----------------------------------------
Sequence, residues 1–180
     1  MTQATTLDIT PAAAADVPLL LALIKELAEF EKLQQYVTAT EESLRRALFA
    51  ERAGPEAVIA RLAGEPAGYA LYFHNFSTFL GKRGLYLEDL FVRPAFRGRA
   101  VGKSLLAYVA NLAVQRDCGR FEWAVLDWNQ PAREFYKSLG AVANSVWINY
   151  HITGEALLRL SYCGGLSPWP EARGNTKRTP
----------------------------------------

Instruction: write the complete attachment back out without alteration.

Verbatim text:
Sequence, residues 1–180
     1  MTQATTLDIT PAAAADVPLL LALIKELAEF EKLQQYVTAT EESLRRALFA
    51  ERAGPEAVIA RLAGEPAGYA LYFHNFSTFL GKRGLYLEDL FVRPAFRGRA
   101  VGKSLLAYVA NLAVQRDCGR FEWAVLDWNQ PAREFYKSLG AVANSVWINY
   151  HITGEALLRL SYCGGLSPWP EARGNTKRTP